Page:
Patient contact

As a student, there is no substitute for clinical practice. In London’s medical schools trainee doctors have access to millions of patients. Such unrivalled patient access attracted Sarosh Khan from Saudi Arabia to study medicine at St George’s, University of London whose campus is located on the same site as one of the UK’s busiest hospitals.

“Medicine is brilliant, but at St George's the way it’s delivered makes it even more enjoyable. With the hospital on-site we get to see a lot of patients.” Sarosh also gets to improve his clinical skills with placements in other hospitals as well as working in laboratories where he can use the latest patient dummies.

Excellent teaching

Teaching in London is also less structured than in some countries with the focus on learning rather than cramming for lots of exams. Yerzhan Rakhimov, a medical student from Kazakhstan, has been inspired by the teaching at University College London so much so that when he graduates he hopes to work in medical education. He said, “Here the style of teaching is much more free, not controlled. Back home it was much more structured. Here I have less stress.”

Yerzhan’s enjoys modules that use problem-based learning and teamwork, encouraging him to think laterally and listen to the different perspectives of his fellow students. “I feel at home here. People are friendly and my teachers are always available if I want to speak with them.”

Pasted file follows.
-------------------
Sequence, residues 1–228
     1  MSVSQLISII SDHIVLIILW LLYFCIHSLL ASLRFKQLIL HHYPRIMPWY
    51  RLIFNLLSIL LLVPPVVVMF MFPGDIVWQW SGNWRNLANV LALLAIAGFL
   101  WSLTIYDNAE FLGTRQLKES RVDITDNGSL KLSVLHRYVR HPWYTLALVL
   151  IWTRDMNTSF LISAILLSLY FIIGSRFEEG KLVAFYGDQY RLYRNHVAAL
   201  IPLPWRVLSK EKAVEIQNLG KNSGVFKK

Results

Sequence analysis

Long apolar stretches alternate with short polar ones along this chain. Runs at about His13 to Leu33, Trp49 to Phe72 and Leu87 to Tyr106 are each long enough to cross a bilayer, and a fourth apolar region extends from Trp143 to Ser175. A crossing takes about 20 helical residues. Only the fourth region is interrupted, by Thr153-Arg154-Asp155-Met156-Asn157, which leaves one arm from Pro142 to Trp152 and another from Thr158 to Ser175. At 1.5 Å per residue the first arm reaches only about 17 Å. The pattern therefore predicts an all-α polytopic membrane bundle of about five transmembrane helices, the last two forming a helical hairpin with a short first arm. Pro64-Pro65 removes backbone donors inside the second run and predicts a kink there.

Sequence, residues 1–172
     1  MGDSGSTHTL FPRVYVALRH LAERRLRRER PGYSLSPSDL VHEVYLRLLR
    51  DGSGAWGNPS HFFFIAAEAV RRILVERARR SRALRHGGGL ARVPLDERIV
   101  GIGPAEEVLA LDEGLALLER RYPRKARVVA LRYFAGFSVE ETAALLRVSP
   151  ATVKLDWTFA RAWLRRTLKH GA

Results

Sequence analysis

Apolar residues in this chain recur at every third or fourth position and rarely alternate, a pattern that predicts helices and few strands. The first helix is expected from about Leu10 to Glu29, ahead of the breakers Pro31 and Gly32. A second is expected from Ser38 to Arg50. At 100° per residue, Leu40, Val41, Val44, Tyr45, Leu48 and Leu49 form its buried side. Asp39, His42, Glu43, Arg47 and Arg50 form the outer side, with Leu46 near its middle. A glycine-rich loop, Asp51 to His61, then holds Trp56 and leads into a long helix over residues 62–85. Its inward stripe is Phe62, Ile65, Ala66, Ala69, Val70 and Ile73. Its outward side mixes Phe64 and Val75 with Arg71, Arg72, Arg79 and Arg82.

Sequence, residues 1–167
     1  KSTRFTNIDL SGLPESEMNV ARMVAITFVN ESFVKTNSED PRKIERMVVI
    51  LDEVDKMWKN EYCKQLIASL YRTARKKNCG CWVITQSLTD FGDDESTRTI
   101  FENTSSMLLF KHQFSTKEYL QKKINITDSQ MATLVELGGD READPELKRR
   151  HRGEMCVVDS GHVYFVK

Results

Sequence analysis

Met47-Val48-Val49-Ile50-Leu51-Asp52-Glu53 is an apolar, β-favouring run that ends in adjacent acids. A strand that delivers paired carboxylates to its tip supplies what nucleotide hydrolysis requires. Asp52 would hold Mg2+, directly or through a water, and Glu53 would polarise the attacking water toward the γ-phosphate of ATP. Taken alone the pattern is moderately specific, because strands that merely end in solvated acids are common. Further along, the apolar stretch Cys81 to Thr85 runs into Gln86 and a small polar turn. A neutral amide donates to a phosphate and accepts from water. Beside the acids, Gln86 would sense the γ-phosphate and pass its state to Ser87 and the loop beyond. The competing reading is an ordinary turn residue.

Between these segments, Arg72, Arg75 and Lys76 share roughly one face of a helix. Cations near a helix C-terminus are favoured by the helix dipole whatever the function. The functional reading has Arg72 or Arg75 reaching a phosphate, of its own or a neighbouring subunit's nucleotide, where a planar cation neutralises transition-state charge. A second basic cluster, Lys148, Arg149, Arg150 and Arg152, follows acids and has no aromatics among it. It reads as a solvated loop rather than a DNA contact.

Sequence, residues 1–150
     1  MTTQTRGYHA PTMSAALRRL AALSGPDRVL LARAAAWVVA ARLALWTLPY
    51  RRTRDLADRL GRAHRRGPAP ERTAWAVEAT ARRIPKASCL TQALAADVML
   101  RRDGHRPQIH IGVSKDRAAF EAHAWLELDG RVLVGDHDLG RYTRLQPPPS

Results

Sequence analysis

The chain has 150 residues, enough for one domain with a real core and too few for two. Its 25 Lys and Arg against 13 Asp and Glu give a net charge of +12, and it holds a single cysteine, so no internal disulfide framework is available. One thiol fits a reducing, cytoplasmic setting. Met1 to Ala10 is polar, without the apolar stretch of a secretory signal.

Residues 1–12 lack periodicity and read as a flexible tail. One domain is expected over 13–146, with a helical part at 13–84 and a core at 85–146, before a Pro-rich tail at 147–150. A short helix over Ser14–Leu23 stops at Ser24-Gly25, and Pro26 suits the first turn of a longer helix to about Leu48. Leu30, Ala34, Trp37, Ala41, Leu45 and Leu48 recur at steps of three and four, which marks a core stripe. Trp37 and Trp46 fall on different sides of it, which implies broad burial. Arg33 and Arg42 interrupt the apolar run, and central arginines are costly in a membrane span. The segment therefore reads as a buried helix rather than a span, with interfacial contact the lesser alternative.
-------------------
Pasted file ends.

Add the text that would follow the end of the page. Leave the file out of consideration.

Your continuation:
Ground-breaking research

In addition to being a world-class centre for teaching, London also attracts some of the best researchers in the medical profession. At Imperial College London’s Faculty of Medicine there are over 1,500 researchers with an annual research budget of over £140 million. Such investment enables researchers to become leaders in their fields while tackling some of the world’s biggest health threats.

At King’s College London, research teams are busy translating ground-breaking research into patient benefits for the population of London, one the world’s largest and most multicultural cities. The city’s diversity gives students a greater understanding of the health challenges facing different communities. It also brings opportunities to observe medical problems which have a global dimension, and to meet people in clinics, general practices and hospitals from a wide range of cultures.

London is also home to world-class specialist institutions such as the London School of Hygiene and Tropical Medicine where researchers are undertaking collaborations with over 100 countries to help improve the health of people all over the world. At the world-renowned Institute of Cancer Research, researchers are busy building on a legacy of ground-breaking discoveries that have included the identification of the suspected link between smoking and lung cancer as well as the recognition that a DNA malfunction is the basic cause of cancer.

London is a city of constant discovery and is always evolving. So it is no surprise that the city and its medical schools are the perfect home for aspiring doctors and researchers who want to make a real difference to the lives of people throughout the world.